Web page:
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Important Parts of an Airplane

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Airplanes are ubiquitous in modern life, making long-distance travel relatively cheap and widely available. Flying is now a luxury that many can afford, allowing quick travel across the country or even around the world. Believe it or not, humanity just started flying in the early 1900s. How far we've come over the past century! The airplane is a bit of a mechanical marvel. Let's consider some of the key parts of modern aircraft.

Navigation
Airplanes are typically equipped with multiple GPS units, similar to GPS for commercial vehicles like trucks. The GPS units indicate the plane's position relative to a map, facilitating travel from one city to another. Planes are also equipped with various gyroscopes that indicate the speed at which the aircraft is traveling. Such information is used to predict flight arrival times.
Airplanes additionally utilize altimeters to measure the altitude at which the vehicle is operating. Pilots use this information to position the aircraft above clouds and any inclement weather. Altitude information is critical for landing the airplane as well. Planes also have several radios on board, allowing pilots to communicate with ground radio towers to help navigate the aircraft.


Propulsion

One of the most noticeable aspects of a modern airplane is the propulsion system. Planes are quite loud. Indeed, bystanders can hear an airplane landing from significant distance away. Planes move quickly as well. The speed of planes is part of how flying is possible, and, quite simply, one of the main reasons that they are prized for travel. Both the noise and the speed of airplanes are a testament to the power of the propulsion system.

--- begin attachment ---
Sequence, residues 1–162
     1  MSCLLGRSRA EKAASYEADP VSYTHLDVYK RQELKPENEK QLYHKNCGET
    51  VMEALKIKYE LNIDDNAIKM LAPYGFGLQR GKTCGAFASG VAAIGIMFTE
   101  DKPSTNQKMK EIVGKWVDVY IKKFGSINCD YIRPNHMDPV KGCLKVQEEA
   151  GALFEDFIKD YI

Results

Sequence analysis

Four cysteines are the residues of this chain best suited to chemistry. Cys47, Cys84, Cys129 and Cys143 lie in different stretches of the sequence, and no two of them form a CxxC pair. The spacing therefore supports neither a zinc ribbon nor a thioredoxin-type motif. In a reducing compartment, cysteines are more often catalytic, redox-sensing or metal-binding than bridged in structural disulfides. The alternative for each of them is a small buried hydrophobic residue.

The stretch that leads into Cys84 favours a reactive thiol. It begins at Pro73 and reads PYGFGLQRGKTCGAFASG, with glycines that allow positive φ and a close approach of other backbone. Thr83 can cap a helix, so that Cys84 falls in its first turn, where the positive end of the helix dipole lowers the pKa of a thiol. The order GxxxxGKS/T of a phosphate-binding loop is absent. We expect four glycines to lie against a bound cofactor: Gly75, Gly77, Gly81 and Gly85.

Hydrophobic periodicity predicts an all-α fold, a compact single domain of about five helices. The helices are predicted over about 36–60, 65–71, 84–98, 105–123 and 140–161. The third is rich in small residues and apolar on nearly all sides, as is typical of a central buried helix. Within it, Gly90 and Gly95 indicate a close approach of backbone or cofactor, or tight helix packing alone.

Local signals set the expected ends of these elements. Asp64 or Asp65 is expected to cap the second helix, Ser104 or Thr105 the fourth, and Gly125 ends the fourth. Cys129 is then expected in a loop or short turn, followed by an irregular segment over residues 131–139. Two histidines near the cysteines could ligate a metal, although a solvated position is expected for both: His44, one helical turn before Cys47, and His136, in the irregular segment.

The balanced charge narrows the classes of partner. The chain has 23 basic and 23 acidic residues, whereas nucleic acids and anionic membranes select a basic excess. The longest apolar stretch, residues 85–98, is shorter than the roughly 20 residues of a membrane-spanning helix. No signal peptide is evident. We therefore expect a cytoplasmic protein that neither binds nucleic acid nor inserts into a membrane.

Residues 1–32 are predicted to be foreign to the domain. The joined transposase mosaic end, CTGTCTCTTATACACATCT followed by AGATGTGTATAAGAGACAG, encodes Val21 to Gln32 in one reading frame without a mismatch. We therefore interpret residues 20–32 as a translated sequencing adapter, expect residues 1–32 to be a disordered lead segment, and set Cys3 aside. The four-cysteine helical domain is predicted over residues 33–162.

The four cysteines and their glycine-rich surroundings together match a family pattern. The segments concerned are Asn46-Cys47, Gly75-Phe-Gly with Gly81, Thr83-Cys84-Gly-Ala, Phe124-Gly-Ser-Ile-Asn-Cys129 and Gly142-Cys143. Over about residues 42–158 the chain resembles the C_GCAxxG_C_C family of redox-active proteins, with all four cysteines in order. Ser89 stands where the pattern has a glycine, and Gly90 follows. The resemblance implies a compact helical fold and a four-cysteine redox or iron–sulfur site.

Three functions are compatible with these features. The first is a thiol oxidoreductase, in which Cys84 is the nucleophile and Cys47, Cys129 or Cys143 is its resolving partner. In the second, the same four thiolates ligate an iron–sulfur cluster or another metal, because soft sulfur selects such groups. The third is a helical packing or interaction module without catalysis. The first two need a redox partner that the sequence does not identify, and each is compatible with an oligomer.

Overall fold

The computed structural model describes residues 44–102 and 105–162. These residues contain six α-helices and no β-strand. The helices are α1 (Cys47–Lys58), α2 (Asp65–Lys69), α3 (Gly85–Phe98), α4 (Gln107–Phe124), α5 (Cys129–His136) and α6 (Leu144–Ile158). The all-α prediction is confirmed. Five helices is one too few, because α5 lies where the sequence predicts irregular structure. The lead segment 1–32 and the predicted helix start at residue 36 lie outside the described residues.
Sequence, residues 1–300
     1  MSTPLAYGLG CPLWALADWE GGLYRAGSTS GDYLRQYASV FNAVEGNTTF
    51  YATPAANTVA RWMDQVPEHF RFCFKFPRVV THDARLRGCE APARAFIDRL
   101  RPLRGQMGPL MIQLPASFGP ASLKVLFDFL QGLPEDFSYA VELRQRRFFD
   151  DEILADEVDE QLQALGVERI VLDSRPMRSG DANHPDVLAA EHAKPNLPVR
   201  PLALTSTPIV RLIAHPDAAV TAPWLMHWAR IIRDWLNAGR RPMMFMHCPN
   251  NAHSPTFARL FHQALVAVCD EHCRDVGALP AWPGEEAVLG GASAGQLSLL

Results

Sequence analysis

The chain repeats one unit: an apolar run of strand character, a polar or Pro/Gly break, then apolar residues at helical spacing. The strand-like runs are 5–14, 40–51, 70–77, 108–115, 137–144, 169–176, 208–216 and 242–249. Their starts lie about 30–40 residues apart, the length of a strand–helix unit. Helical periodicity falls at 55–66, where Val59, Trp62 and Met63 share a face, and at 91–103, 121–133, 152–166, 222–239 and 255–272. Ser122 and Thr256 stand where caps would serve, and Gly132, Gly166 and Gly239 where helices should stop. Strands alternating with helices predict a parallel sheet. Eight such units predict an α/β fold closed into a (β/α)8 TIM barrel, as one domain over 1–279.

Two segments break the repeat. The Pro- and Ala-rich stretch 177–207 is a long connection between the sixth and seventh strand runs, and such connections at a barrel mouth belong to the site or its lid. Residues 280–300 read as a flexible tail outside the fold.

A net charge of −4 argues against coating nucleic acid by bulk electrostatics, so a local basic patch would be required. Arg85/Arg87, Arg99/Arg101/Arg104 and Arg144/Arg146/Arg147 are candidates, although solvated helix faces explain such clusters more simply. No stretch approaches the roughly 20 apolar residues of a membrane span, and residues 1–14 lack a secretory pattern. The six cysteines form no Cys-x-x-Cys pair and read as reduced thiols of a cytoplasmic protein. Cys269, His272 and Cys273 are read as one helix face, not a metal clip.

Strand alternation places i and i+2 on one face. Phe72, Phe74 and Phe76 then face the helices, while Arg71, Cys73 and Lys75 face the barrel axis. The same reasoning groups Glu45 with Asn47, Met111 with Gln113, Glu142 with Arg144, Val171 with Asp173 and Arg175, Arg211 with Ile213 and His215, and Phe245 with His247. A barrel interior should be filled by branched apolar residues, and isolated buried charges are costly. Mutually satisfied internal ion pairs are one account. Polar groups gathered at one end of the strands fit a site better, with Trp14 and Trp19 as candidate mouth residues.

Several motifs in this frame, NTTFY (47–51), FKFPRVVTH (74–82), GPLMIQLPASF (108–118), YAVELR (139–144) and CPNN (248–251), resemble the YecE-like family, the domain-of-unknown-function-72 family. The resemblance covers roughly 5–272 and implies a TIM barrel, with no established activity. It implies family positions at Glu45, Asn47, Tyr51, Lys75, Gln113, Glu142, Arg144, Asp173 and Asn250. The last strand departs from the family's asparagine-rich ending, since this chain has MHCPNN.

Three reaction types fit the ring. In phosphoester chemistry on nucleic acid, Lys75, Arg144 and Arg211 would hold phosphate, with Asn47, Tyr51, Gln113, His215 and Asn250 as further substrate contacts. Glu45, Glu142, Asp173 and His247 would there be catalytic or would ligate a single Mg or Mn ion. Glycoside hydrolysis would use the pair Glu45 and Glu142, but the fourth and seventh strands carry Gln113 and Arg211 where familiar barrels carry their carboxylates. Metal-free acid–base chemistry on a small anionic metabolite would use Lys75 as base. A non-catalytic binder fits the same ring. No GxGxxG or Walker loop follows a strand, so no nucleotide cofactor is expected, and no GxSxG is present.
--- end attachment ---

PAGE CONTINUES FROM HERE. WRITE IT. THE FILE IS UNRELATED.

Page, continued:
There are actually several components of the propulsion system. The most prominent features are the large turbofan engines typically located on the underside of the wings. These massive engines provide the main thrust used to propel the aircraft. These engines are so large, however, that a smaller engine, called an auxiliary power unit (APU), must be utilized to kick-start the large turbofans.

All of these engines require fuel of course to operate. Fuel is stored in a tank in the main body of the plane as well as two additional fuel tanks cleverly positioned in the wings. The fuel is moved to the engines via electronic pumps. These pumps control the amount of fuel flowing to each engine. Additionally, there are redundant fuel lines and fuel pumps so that fuel can still be transferred to the engines in the event that one of the fuel pumps or lines fails during a flight.

Aerodynamics
Airplanes are typically fabricated from light weight but strong materials like aluminum. The material is constructed into shapes that are aerodynamic, manipulating air to flow in advantageous ways around the craft at high speeds. These features are often taken for granted and go unnoticed, but they are extremely important for flying.

The cross-section of the wings, for example, are shaped such that air passes more quickly over the top of the wing than over the bottom of the wing. The fast-moving air creates an area of lower pressure above the wing, while the relatively slow-moving air underneath the wing creates an area of higher pressure. The area of high pressure below the wing wants to move toward the area of low pressure above the wing to maintain equilibrium, creating a force pushing up on the underside of the wing. In effect, the shape of the wing creates a pressure differential that leads to the force of lift, allowing the aircraft to fly.

The contours of the rest of the aircraft are constructed such that air passes over them with little resistance. These shapes reduce drag force and improve the fuel efficiency of flying. Flaps on the wings and tail of the plane can be used to deliberately disrupt the air flow patterns, allowing pilots to ascend, descend, or even slow the aircraft down during landing.

Airplanes are an impressive engineering accomplishment. They allow humanity to remain connected even over long distances. Having learned a little bit about how planes work, hopefully they can be further appreciated.

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